Wordcamp US has come to an end, and I must say it was the highlight of my time in the WordPress community. WordCamp is an event focused around WordPress makers and users. I have attended WordCamps since WordCamp Mid-Atlantic in May 2009. Most years, I make it to 3 or 4 WordCamps between Maryland, Pennsylvania, and New York.
This year, I had the opportunity to take part in all 5 days of the inaugural WordCamp US.
The goal of this day was to foster discussion on topics that anyone attending could propose and vote upon. It worked much like a Barcamp, which I’ve attended 3.
I came into this day slightly frazzled at finding parking, but overall excited to see some friends that I’ve only met online and some facetime with those that I have met at other WordCamps.
The space where we met was ideal for many spots to have agreed upon open discussion in a safe space. I was highly impressed that despite nearly polar opposite opinions on some topics, beyond that everyone had a civil dialogue. Each person had an opportunity to participate in the conversation. Each person that spoke up was heard. People valued each other, despite the differing perspectives. At no time did it seem like #WPDRAMA or being emotionally led. Humans valued each other as humans; sadly this is often lacking in today’s society.
WordPress now powers 25% of all websites online today, and does not cost anything itself. To make that possible, a large team of volunteers contribute as well as individuals that earn an income with their employer but are donating their working hours to the WordPress community. In 2014 at the contributor day in NYC, I learned about the training team and got involved. You can learn about other teams making this possible as well at Get Involved.
Gathering the training team together that day resulted in a lot of great discussion. Rather than an hour long chat dialogue, many conversations transpired rather quickly in-person. It was great to witness each other pulling together for the same desired outcome. At any point, someone would be facilitating electronically for what was said verbally. That may not seem like a big deal, but with nearly a dozen people around a table, it very much felt like we were moving at warp-speed.
Actual sessions were scheduled for both of the publicly open and livestreamed days. Often at WordCamps, I speak or volunteer in some other capacity. This time, I had a very different approach. I chose to focus more of my time on the hallway talks. These are the informal conversations that happen when bumping into people outside of sessions while walking through the halls. It really was great to connect further with people.
The two sessions that were my own highlights were Andrew Nacin‘s talk on Advanced Topics in WordPress, as well as Matt Mullenweg’s State of the Word (see his post to watch the video). Both of these speakers are vital within the community. Andrew shared about the commitment to backwards compatibility and how this impacts websites that have not stayed current with WordPress updates. Matt shared a forward-thinking need for developers to learn new programming languages, recapped what has transpired in the past year, and conducted a town-hall Q&A session.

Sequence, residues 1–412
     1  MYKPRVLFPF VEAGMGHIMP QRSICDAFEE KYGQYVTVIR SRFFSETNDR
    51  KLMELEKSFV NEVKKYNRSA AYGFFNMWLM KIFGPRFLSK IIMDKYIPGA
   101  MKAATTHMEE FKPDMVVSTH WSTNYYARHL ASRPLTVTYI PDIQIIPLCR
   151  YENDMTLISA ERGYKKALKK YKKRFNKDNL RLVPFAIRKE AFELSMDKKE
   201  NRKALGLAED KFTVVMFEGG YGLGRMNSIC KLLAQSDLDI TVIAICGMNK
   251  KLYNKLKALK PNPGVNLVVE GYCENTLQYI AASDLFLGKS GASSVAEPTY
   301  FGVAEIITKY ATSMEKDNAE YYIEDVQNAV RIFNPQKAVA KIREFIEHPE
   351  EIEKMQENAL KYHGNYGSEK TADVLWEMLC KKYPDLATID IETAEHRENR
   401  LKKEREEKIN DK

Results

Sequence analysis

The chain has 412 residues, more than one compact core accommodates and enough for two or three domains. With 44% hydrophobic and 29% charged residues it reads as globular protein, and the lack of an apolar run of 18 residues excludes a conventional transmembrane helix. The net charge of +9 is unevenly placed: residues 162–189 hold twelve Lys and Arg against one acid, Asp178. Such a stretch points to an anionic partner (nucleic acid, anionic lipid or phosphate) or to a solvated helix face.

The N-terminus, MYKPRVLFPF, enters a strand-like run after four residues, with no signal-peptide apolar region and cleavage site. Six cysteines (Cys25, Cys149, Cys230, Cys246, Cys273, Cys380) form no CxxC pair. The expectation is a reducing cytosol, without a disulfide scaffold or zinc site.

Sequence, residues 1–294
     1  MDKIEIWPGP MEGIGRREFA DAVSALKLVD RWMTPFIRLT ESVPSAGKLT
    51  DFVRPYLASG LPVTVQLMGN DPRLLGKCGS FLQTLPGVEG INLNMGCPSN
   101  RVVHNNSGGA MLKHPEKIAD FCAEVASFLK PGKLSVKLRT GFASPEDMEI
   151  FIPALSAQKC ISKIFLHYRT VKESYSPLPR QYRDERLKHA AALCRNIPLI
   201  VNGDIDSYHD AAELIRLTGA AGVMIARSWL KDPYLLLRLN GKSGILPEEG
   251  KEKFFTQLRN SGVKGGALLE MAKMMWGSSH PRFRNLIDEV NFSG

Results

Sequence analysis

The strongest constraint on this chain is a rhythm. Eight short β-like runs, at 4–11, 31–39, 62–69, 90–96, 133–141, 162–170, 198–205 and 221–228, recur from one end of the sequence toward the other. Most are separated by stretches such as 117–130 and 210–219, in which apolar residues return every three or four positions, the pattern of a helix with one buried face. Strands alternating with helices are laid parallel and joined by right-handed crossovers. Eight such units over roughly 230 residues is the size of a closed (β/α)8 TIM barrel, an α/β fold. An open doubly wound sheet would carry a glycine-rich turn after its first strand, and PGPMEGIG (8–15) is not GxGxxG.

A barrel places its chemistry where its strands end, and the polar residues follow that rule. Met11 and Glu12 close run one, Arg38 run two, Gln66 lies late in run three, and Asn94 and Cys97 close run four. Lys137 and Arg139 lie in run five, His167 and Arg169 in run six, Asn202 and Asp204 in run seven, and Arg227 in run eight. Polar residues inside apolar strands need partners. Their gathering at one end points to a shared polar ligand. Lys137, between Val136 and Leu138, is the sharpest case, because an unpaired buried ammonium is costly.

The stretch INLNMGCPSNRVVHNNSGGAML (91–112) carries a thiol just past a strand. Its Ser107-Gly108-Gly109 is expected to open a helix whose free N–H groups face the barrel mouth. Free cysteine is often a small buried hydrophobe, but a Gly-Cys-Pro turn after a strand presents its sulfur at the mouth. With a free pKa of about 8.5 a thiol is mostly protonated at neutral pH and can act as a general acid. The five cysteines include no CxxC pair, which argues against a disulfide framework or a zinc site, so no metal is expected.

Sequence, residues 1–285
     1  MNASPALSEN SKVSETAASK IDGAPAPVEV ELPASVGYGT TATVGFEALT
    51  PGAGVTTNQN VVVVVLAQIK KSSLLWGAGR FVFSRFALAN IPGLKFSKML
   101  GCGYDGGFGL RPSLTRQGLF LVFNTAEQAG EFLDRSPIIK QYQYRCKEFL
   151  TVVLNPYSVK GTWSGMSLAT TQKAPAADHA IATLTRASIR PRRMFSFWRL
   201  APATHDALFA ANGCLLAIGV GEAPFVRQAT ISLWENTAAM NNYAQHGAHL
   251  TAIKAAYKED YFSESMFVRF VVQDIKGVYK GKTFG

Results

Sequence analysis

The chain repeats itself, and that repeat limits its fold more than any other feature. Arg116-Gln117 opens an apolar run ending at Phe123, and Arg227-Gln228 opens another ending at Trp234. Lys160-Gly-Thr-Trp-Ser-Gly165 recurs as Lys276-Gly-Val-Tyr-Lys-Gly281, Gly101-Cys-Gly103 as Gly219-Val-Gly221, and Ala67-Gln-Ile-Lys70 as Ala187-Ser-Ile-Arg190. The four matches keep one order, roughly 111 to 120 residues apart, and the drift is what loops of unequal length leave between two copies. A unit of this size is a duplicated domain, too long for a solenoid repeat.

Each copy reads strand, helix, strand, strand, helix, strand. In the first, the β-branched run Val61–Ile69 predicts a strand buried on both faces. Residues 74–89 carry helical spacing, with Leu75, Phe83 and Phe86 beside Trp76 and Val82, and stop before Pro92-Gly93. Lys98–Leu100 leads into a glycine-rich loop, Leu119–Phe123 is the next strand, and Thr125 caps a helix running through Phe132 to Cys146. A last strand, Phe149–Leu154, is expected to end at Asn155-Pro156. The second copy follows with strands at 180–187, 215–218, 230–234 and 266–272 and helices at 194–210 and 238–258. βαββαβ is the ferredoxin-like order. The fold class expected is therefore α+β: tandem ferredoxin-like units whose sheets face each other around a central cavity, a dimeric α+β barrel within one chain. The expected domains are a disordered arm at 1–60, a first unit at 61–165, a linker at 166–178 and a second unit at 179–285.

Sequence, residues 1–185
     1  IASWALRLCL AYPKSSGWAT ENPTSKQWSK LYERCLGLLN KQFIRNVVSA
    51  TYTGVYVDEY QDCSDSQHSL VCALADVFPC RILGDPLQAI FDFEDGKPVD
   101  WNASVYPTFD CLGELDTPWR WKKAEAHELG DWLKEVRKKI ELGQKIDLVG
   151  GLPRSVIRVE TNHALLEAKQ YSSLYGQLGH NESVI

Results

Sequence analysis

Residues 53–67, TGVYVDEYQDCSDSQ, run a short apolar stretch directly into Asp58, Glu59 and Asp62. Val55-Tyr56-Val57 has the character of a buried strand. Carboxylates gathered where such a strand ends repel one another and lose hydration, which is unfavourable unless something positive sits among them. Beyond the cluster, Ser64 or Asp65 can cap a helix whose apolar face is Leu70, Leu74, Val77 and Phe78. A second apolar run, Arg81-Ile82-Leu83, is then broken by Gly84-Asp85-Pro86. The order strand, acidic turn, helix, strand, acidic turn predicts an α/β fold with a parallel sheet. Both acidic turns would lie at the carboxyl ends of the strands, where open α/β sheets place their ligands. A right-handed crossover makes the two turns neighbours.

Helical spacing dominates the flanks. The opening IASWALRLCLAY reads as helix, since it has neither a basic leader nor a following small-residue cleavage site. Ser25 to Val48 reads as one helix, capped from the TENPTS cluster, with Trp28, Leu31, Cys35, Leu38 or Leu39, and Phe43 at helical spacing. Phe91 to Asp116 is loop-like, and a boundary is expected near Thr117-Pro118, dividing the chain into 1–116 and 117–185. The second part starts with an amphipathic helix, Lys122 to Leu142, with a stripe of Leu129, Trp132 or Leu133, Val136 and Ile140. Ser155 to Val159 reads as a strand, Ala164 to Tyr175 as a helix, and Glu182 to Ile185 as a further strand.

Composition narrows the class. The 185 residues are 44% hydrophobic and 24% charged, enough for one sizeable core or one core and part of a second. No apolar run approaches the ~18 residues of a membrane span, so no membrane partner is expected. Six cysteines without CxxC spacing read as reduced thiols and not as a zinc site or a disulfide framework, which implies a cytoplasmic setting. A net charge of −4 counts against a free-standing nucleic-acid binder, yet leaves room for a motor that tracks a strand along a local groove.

Friday night after sessions concluded, many afterparties were held. A friend that was attending the event shared that she was unable to attend any of these gatherings due to her government job having rules about accepting gifts on business trips. This struck me as a bit harsh but understandable in other situations.
Then another person shared that he had concerns about the afterparties and culture around WCUS becoming like all that isn’t good about SxSW. In essence, are we going to loose what makes WordCamp US special and good with too much sponsorship and afterparties that are too loud or too off-topic?
Personally, I opted to attend 2 different gatherings on Friday evening. Both were really beneficial and entirely how I prefer to unwind with friends. I heard tales the next day about how loud and rowdy a few other gatherings seemed to go. At the locations where I went, the hosts provided or covered the tab for food, drinks, etc. But the intent of each of these was very much to foster conversations. Neither were overtly promoting their wares. I thoroughly enjoyed both gatherings, as well as friends that helped this rural driver feel safe and get from one place to another.
Saturday’s afterparty was held by WCUS itself, and rented out an entire building. Food, drinks, bowling, billiards, Rock Band, photo booths, and more were held. The only thing that would have made it better is if there was a way to fit a potential 1801 invitees into a confined space with less volume. Really, I had a fantastic conversation with several attendees from Japan about how the WordPress community is doing there. I spent time with several people that I hadn’t met in person. Overall, it was a wonderful evening.
I am still thinking on the value of other sponsors with afterparties.
Going in to Contributor Day, I was exhausted. However, I was also super excited to help onboard a bunch of new training team members. Our team has a clearly defined outcome of our work, with a deadline. Now, we also have a new influx of help to meet the deadline. It was really a great day, though I need to finish my own lesson plan still.
Stay tuned for more:
WordCamp US 2016 will be held December 2-4.